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District Court of Appeal, Second District, Division 3, California.

KALER et al. v. BROWN et al.

Civ. 17710.

Decided: January 15, 1951

Halverson & Halverson, Los Angeles, for appellant. Warner, Peracca & Cowan, Los Angeles, for respondent.

This action was brought by Alfred H. Kaler, Jr. and wife against Harold Brown and wife for an injunction to restrain defendants from interfering with the use by plaintiffs of a driveway located on the property of defendants over which plaintiffs claim to have a right-of-way for ingress and egress to and from a garage located on their lot. Plaintiffs also sought damages. Judgment was for defendants and plaintiffs appeal.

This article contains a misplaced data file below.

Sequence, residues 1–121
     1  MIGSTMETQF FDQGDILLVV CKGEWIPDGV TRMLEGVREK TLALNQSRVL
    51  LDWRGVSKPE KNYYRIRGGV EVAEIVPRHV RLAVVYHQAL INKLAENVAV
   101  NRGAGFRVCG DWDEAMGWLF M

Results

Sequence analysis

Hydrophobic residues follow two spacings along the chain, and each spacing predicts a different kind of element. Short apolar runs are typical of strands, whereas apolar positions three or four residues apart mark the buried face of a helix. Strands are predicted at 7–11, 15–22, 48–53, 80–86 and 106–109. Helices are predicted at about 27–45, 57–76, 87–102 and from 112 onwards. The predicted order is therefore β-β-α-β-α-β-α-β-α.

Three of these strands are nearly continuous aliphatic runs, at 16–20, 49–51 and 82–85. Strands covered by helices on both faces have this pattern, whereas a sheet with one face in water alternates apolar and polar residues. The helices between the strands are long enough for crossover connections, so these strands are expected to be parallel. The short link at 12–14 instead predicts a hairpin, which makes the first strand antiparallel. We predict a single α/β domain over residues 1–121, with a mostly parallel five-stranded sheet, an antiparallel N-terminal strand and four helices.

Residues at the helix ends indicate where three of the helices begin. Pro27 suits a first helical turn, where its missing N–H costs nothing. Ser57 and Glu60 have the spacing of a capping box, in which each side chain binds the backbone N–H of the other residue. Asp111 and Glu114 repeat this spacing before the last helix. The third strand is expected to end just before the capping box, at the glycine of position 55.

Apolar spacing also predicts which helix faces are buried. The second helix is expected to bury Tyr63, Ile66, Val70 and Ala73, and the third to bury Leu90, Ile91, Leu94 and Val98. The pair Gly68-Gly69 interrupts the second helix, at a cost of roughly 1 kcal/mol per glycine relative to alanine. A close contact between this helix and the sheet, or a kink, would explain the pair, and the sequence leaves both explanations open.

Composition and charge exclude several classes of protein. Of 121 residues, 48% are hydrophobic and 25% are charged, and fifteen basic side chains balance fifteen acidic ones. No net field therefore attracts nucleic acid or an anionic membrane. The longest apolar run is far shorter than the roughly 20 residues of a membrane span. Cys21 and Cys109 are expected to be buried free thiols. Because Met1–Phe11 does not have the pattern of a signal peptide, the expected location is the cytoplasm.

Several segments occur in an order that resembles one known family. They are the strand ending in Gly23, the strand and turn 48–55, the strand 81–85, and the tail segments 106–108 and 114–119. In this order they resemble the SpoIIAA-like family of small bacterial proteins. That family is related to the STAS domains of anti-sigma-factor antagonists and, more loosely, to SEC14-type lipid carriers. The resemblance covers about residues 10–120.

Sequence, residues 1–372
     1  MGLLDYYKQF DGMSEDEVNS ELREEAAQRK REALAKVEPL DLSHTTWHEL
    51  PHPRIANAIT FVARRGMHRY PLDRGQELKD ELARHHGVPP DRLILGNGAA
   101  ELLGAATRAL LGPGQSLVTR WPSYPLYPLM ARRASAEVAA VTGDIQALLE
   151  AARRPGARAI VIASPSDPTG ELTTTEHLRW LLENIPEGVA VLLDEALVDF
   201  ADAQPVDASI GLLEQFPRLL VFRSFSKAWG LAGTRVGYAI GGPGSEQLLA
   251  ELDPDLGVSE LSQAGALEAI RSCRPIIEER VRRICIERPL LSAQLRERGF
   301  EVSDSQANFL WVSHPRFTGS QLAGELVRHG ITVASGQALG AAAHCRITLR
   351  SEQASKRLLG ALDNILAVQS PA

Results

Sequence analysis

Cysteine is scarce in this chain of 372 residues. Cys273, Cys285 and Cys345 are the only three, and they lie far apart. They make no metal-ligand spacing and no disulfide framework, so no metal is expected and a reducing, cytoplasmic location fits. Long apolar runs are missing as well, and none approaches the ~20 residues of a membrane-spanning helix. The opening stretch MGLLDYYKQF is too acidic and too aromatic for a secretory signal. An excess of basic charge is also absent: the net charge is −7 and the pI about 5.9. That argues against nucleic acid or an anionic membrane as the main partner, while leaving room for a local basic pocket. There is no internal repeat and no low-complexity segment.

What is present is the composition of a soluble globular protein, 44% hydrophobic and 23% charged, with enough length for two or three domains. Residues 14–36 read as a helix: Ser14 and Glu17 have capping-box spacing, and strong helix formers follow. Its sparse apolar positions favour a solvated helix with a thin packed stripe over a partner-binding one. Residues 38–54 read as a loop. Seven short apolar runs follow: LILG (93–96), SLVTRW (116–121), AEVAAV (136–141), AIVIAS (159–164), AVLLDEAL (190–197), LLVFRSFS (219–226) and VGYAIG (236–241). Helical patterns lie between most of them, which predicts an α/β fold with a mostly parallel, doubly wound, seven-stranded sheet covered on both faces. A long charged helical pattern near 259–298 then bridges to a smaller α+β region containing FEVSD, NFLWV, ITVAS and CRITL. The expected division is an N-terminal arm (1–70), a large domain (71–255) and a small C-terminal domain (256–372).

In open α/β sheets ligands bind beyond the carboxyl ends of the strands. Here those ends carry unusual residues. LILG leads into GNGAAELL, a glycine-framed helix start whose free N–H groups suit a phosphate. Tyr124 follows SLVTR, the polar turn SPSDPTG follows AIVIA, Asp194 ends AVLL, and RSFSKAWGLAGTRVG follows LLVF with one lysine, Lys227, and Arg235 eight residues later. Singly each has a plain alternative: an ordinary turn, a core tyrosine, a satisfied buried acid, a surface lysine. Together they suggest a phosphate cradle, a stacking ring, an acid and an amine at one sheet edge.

In 1913 Alfred M. Kaler, Sr. owned lot 62 in the Segno Tract in Los Angeles and constructed a dwelling thereon. Lot 63 adjoining was owned by a Mr. and Mrs. Stevens and in 1915 or 1916 they constructed a residence on their lot and occupied it as a home. The two residences faced toward the west, the Stevens' home being the northerly of the two. Along the southerly side of the Stevens' house a narrow cement walk extended from the front to the rear of the building, a distance of about 40 feet. There was room for a driveway on the Stevens' property but only 3 or 4 feet on the Kaler property between their house and the north line of their lot. At the southeast corner of the Stevens' property there was a small garage and the Kalers built a small garage on the northeast corner of their lot. In 1917 Kaler, Sr. had a conversation with Mrs. Stevens which he related on the stand as follows: ‘I asked Mrs. Stevens if she would object to my placing the two strips in there on her property such as was required. She said, ‘Go ahead and put it in’ and that's all there was to it.' Kaler, Sr. then constructed a driveway consisting of two cement strips about 1 1/212 feet wide using therein the cement walk which extended along the south side of the Stevens' house. The work took parts of two Sundays. Some friends assisted in the work gratuitously and there was a small expenditure for materials, the amount of which was not given in evidence. Neither the Stevens nor the Kalers had an automobile at that time. Kaler, Sr. bought a car in 1919 and made use of the driveway up to a point in the rear of the buildings where he veered off from the Stevens' lot onto his own. No objection was made to his using the driveway in this manner. In 1934 Kaler moved to San Francisco, where he remained until 1944, returning to Los Angeles on from two to four occasions a year, during which brief visits he would sometimes put his car in the Kaler garage, and sometimes leave it on the street. In 1944 the Kaler property was conveyed to the defendant Kaler, Jr. and his wife, and they occupied the premises from that time on. In the meantime the Stevens' property had been sold to Mr. and Mrs. Gracey, who moved into the premises with their daughter, Jessie Howard, and her husband. They lived there from 1930 to 1938. In 1932 the property was conveyed to the Howards. Sometime thereafter, and after Kaler, Sr. had moved to San Francisco, Mrs. Howard and Mrs. Kaler had a disagreement. Mrs. Kaler had allowed some young men who lived across the street to put their car in her garage; Mrs. Howard objected and they had words. Kaler, Sr., returning to the scene, placed his car in his garage and, according to the testimony of Mrs. Howard, came to the Howard home, conversed with the Howards, said he was sorry that the women had had trouble over the driveway, that he had just come down from the north with some things and hoped it would be all right for him to drive into his garage. Mr. Howard said that he could use it; that he had permission to use it, and Mr. Kaler on his infrequent trips did make use of the driveway to reach his garage. In 1945 or 1946 he had a trailer stored in the garage. Defendants Brown had acquired the adjoining property in 1938. During their ownership little use was made of the driveway by the Kalers. After Kaler, Jr. got a car, in 1946, he put it in his garage on a few occasions, but usually parked it in the street in front of the house. In September, 1948 Mr. Brown left his car parked in the driveway during the evening; Kaler, Jr. went to the Brown house and registered an objection; shortly thereafter young Kaler left his car parked in the driveway, which precipitated a vigorous remonstrance on the part of Brown. The parties then decided to go to law.